When a young woman he befriended in an L.A. diner the night before turns up murdered, tough-as-nails gumshoe Mike Hammer (Robert Bray) takes up the investigation and finds a deadly chain of events linking a ring the dead girl wore to stolen Nazi treasure from World War II. Taut adaptation of the Mickey Spillane thriller also stars Whitney Blake, Donald Randolph, Pamela Duncan.

Murder in Greenwich Village (1937)

Fortune takes a dark turn for once carefree heiress “Lucky” Kay Cabot (Fay Wray) when she is accused of murdering an artist. Because circumstantial evidence appears to implicate her in the crime, she convinces ad photographer Steve Jackson (Richard Arlen) to pose as her fiancé, provide a crucial alibi…and help her clear her name. Gripping mystery co-stars Raymond Walburn, Marc Lawrence, Leon Ames, Marjorie Reynolds.

Doctor Who: Sylvester McCoy: Complete Season Three (1989)

Sylvester McCoy stars as the Seventh Doctor in what would be the last season for the series’s original run. First, “Battlefield” is an adventure that stretches from the 20th century back to the days of Camelot, pits the Doctor against the evil magicks of Morgaine Le Fay and Mordred, and reunites him with old comrade Brigadier Lethbridge-Stewart (Nicholas Courtney). Next, what is the sinister secret hidden inside the cargo of a mysterious alien ship, and will the Doctor and Ace (Sophie Aldred) learn it before it’s too late? Find out in “Ghost Light.” In WWII England, the Doctor and Ace must uncover who is trying to bring an ages-old evil back to Earth while at the same time stop the more conventional menace of a German invasion force, in “The Curse of Fenric.” And, a rash of mysterious disappearances in and around London soon has the Doctor and Ace facing the deadly interstellar hunters known as the Cheetah People…and the old enemy behind their attacks, in “Survival.”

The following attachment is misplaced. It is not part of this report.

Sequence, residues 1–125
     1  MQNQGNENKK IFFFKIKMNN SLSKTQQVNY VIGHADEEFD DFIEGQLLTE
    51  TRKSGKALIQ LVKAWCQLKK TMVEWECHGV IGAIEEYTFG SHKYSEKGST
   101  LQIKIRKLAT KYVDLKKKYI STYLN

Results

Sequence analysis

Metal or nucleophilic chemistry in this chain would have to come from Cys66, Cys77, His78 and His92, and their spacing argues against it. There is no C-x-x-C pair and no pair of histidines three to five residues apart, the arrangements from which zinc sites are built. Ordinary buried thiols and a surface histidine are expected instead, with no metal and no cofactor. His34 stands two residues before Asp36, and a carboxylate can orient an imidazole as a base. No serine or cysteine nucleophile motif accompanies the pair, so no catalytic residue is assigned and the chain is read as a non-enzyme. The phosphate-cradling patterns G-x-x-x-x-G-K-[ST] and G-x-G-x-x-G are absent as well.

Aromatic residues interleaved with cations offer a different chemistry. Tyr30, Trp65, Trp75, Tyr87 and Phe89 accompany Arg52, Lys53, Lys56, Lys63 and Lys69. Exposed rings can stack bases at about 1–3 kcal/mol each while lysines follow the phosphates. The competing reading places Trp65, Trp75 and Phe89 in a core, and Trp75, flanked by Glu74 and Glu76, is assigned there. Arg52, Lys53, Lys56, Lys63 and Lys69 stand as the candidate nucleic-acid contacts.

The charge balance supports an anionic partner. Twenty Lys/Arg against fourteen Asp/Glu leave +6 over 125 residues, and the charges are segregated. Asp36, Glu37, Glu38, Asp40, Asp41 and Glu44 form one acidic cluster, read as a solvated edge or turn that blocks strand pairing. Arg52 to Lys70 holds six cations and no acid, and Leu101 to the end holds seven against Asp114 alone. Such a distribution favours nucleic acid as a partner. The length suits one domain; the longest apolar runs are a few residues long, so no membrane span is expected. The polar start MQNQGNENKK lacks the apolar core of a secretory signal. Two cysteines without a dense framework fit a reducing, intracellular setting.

The Gauntlet (1977)

The normally routine exercise of escorting a witness, prostitute Gus Mally (Sondra Locke), from Las Vegas to Phoenix to testify at trial becomes a race for survival for detective Ben Shockley (Clint Eastwood). On a frantic bus ride to city hall, Shockley and his charge brave an all-out assault from police and a corrupt mayor, who fears incrimination by the determined witness. Co-stars Pat Hingle, William Prince.

Return from the Ashes (1965)